Magnetism behaves very strangely in compounds of lanthanum, strontium, cobalt and oxygen, and researchers have just attained new insight into the decades-old question of why. Pure LaCoO3 is a non-magnetic, narrow-gap semiconductor at low temperatures, but it acquires magnetic properties as the temperature is raised – in contrast with most materials, which tend to lose magnetism at higher temperatures. With strontium doping the magnetic properties become more prominent until, at 18% Sr, the compound becomes metallic and ferromagnetic, like iron. This behavior has often been explained hypothetically by narrow electronic states associated with the d-electrons of cobalt; however, a new study shows that the oxygen becomes partially magnetic, too. X-ray absorption measurements performed at DOE's Advanced Photon Source agree quantitatively with non-localized electronic structure calculations, which showed how the bonding between the oxygen p-orbitals and cobalt d-orbitals formed broad bands of electronic states. The calculated magnetic properties also matched the experiments. This new understanding may help the further development of these materials for applications in high temperature fuel cells and as catalysts for oxygen separation cells for batteries.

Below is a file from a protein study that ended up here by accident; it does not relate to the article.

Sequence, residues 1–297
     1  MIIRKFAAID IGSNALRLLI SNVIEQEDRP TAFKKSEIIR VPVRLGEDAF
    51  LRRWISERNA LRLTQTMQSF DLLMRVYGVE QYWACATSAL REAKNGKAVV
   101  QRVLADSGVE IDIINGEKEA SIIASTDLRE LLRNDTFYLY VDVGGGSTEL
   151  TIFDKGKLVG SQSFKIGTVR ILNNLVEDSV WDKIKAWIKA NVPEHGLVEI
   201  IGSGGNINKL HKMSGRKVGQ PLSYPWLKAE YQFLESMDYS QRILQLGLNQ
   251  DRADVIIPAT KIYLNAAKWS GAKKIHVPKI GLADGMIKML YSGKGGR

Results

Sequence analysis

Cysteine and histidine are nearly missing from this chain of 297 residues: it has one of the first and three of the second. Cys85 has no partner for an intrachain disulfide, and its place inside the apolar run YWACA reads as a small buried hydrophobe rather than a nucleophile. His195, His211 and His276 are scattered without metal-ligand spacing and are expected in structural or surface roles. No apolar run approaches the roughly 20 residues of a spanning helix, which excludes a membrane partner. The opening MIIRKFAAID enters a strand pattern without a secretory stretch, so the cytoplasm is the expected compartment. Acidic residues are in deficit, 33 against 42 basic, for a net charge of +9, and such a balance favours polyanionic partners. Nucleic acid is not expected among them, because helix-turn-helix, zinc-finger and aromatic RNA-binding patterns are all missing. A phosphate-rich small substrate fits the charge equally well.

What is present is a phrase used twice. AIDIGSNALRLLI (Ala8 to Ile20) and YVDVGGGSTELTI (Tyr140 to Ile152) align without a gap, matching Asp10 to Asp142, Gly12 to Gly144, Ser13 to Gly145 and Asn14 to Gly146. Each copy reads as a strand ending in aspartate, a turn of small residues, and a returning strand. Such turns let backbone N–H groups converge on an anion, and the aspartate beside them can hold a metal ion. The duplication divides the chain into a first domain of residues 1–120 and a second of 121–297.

Evolution of Magnetic Oxygen States in Sr-Doped LaCoO3